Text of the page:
NEWS

David Wynn funeral in St. Albert to honour slain RCMP officer

01/25/2015 10:20 EST | Updated 03/27/2015 05:59 EDT
Thousands of people will pack into a small church in Alberta Monday afternoon to say goodbye to a Mountie killed in the line of duty.

Beginning at 12 p.m. MT, members of the RCMP from across the country will take part in a procession for Const. David Wynn, leading his body through the streets of St. Albert, Alta., and into Servus Credit Union Place for the regimental funeral.

Prime Minister Stephen Harper and Alberta Premier Jim Prentice are expected to attend.

- Live coverage of the funeral begins at 1:30 p.m. MT on CBC NN and CBCNews.ca. 

Wynn never regained consciousness after being shot in the head while confronting a man over a suspicious vehicle early on Jan.19 in a  casino in St. Albert, a city just northwest of Edmonton.

The officer, who friends say moved from Nova Scotia to Alberta to pursue his "lifelong" dream of working for the RCMP, died in hospital four days later.

Wynn and another RCMP officer, Aux. Const. Derek Bond, were both shot after a routine licence plate check led to the confrontation. Bond was released from the hospital and is recovering at home.

Shawn Rehn, the man responsible for the shooting, was found dead several hours later in a rural home.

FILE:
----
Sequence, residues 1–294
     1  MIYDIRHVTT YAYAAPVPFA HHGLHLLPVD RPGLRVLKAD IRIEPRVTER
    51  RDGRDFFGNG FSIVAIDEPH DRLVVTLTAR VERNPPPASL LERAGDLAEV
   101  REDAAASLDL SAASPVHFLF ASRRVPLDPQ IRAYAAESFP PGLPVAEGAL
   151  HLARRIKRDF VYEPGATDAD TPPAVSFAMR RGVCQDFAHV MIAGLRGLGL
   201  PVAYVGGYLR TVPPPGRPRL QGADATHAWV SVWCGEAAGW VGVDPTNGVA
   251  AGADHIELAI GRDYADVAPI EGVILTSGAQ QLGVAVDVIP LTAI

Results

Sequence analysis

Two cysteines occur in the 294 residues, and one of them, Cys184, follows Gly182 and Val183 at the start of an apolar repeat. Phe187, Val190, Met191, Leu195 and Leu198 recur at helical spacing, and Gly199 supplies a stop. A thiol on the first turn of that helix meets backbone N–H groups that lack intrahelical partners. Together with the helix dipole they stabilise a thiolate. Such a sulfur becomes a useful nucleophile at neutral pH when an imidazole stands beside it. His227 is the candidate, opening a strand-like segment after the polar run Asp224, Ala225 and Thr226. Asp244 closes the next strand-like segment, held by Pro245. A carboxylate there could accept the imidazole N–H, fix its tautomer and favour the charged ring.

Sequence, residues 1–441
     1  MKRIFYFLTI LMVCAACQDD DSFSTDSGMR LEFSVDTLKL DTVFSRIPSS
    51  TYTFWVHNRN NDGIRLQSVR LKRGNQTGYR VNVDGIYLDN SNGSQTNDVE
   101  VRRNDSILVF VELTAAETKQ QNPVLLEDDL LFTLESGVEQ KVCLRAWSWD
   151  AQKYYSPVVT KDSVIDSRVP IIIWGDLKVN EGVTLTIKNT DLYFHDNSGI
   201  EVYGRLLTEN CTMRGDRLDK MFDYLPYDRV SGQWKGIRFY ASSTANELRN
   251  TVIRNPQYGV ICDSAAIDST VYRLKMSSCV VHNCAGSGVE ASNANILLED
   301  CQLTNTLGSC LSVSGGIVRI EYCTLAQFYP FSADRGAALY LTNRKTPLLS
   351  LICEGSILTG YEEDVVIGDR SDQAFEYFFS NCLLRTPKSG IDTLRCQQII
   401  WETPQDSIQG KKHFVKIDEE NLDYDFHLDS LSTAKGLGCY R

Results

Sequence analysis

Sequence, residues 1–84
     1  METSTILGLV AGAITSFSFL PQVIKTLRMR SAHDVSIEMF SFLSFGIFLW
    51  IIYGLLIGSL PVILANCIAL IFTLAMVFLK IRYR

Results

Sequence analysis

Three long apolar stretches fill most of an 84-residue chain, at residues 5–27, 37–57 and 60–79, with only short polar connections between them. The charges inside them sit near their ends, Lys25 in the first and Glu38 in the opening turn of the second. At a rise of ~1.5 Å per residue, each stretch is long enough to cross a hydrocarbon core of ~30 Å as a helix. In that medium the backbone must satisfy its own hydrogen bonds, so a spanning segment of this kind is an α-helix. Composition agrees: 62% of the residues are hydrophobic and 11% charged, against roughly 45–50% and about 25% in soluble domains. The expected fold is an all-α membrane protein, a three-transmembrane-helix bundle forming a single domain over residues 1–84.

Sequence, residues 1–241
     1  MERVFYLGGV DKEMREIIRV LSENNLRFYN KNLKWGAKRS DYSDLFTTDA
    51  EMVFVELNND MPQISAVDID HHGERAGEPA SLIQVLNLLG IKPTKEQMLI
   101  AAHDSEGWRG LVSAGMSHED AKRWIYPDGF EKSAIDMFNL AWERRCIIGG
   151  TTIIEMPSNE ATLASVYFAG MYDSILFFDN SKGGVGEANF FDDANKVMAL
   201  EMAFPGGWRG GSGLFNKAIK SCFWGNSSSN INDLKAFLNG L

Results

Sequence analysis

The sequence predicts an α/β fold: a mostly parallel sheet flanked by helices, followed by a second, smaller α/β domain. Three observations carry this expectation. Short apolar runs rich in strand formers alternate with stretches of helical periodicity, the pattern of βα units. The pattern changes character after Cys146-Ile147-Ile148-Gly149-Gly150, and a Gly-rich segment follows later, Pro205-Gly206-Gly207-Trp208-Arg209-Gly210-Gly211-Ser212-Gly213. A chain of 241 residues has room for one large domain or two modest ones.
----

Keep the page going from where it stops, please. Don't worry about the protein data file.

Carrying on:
RCMP 'family from coast to coast'

Const. Darrell Laboucan will be among those marching through the streets. The 25-year-old RCMP officer from Slave Lake, Alta. didn’t know Wynn personally, but knew he wanted to be a part of the procession to honour the Mountie.

"You have that uniform on, you wear that red serge, you’re just part of a big family from coast to coast," he said.

"I can tell you a fact that if I was in Constable Wynn’s situation now, he would be there for me. Just as any RCMP member would be there for each other."

Laboucan said the RCMP officers are often the bearer of bad news and become targets of negative reaction. He says Wynn’s shooting provides a harsh reminder of the dangers of the job.

"These days, there are no more routine calls. There’s a lot of unpredictability," he said.

Wynn, who had three sons, volunteered at schools in St. Albert. He was popular among students at Keenooshayo Elementary School, where he was involved with the school’s D.A.R.E drug prevention program.

Laboucan, who is also training to teach D.A.R.E programs, said he feels a close connection with the slain officer and his work in St. Albert.

"Everything I’ve heard about Constable Wynn has been nothing short of magnificent," he said. "As much as it is unfortunate that [he] has passed, we’re going to carry his memory on."

CBC will have live coverage of the funeral, on CBC Television and streamed online at CBC.ca, beginning at 1:30 p.m. MT/ 3:30 p.m. ET.

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